I have seen many things today and over the last few months, which only go to show why using the word ‘label’ is very detrimental to anyone with a hidden disability.
First of all there is the term ‘label’ itself
I have been asked
“Why are you trying to label your daughter?”
And heard about an incident where someone had said
“Autism is just a label”
And read a comment on a daily mail article
‘PDA is another label for bad parenting’
I will answer all of these….
First… Would a mother who thought their child had diabetes not get them checked for fear of ‘labelling’ them? I don’t think so.
Would a mother of a child who had a wheezing cough which kept recurring refrain from going to the GP in case her child was ‘labelled’ asthmatic? Hmm, nope.
So why is it any different for our kids with developmental/neurological problems?
I encountered a post on a parenting website that said
is it worth labelling my 6 year old son with ASD
I would say yes, because, believe it or not ASD doesnt only affect the child’s parent’s views on him! What about the child? When he asks why he is different, or why he finds certain things so hard. He needs to understand himself. I have heard of children who didn’t know what was going on with themselves calling themselves “losers” or “freaks”.
I am not seeking a label for my child… I am trying to gain a better understanding of her, get her a diagnosis which she can learn to understand when the time comes, and for those directly involved in her care to actually understand her and make her life easier. It can’t be easy having your brain wired a different way to others and them being expected to do as they do. It must be confusing and this is why so many children with ASDs have low self esteem, because they think that the problem is them. It isn’t, not at all. The problem is with the world that refuses to understand them and treat them as the individuals they are.
Autism is certainly not just a label, millions of people on the spectrum and their loved ones, medical and educational professionals will tell you that.
PDA as a label for bad parenting. Hmmm, I am a member of the PDA contact group and other online social PDA groups and I can tell you not one of those parents strike me as a bad parent. They are all loving and caring parents who only want the best for their children. They sacrifice their own happiness and well being for their children’s every day and in some cases in every way.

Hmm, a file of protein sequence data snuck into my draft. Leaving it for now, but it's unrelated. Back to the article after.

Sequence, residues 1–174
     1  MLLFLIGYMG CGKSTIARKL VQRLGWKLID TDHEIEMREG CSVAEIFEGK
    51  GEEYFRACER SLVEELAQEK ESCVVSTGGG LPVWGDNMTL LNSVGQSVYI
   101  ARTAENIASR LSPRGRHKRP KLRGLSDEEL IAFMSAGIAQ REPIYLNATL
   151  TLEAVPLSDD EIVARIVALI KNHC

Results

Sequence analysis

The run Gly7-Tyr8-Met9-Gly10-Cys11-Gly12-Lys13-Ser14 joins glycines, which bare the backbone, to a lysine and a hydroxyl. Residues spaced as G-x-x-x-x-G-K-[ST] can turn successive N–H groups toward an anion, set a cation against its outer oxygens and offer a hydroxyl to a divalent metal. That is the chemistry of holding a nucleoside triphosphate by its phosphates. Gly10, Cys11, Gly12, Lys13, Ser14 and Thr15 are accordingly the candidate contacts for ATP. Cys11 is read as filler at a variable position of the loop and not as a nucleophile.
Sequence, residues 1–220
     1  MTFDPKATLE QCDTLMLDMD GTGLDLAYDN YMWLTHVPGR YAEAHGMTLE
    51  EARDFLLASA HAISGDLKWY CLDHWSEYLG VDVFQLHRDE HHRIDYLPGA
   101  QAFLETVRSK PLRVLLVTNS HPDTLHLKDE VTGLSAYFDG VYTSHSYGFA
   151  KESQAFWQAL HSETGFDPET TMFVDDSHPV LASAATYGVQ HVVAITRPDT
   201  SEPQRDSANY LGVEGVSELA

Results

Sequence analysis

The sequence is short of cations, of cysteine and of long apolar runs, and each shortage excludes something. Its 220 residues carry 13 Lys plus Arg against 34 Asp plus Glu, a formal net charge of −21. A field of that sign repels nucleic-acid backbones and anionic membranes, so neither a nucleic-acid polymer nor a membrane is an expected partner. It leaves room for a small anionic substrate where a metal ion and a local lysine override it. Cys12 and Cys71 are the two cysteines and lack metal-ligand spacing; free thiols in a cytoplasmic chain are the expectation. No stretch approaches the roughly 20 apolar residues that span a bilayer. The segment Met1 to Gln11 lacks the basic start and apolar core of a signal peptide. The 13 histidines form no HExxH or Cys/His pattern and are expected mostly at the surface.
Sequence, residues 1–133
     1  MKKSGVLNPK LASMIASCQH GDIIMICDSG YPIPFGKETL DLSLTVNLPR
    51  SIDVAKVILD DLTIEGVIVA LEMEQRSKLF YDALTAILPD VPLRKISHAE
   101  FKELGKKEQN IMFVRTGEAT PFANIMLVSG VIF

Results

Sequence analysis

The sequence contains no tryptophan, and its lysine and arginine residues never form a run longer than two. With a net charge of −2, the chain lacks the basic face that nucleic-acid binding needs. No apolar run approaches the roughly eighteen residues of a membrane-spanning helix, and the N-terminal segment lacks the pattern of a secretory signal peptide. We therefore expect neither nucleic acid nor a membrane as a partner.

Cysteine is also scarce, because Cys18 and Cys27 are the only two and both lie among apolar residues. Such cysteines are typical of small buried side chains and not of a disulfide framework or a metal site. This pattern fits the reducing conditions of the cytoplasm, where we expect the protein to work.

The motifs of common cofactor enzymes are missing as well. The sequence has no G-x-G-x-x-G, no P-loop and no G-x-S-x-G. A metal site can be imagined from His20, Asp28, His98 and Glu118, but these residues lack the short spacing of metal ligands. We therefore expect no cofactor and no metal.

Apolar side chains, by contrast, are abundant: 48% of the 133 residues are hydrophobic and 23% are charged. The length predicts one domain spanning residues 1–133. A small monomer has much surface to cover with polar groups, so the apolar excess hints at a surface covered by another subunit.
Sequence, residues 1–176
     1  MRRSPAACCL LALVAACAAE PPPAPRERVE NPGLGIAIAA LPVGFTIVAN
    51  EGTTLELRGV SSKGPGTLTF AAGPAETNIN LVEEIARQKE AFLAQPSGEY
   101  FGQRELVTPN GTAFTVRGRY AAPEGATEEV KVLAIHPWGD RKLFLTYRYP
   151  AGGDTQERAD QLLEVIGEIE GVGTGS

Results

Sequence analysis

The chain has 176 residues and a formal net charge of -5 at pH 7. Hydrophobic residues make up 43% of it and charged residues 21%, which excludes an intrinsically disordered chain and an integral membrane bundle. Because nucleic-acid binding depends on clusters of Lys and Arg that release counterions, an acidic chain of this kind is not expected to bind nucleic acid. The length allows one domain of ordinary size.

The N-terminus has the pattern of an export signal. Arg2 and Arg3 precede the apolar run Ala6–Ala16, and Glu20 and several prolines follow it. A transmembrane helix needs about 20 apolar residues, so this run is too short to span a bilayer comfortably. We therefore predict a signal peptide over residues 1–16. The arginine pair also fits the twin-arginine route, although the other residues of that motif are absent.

I am lucky enough to have met a mum and dad of a soon to be 5 year old boy with a diagnosis of PDA. They are kind, considerate and only want the best for their son. They have learnt a whole new style of parenting and taken the hard knocks and dealt with the fallouts. Their son is a very cool little man. He has his own mind and although he is obviously anxious around myself and dinky, his character shines through. PDA is another autism spectrum disorder. One that gets the least amount of recognition from professionals, and is a constant uphill battle. It is anything but a label for bad parenting, in fact no bad parent could ever look after a PDA kid…. They would eat them alive!
Next up, ASD coming under one ‘label’
Again I have seen and partaken in some very frank discussions regarding the DSM V ‘s revisions and the collapsing of the ASD’s into one name.
While I can see why they did it.
( the term aspergers was starting to mean less support or ‘not autistic enough’ for services )
The problem is they will then start using useless terms like ‘high functioning’ ASD. I have just read an article by musings of an aspie (which is under ‘blogs I follow’) about the high/low functioning.
Definitely have a read!
In terms of dinky I’d assume if she didn’t get a diagnosis of PDA and was diagnosed ASD, she would probably be considered high functioning. Which is wonderful for her grandparents or those that don’t really Understand. To them it means ‘not that autistic’. The problem is autistic is autistic. The same with Dinky.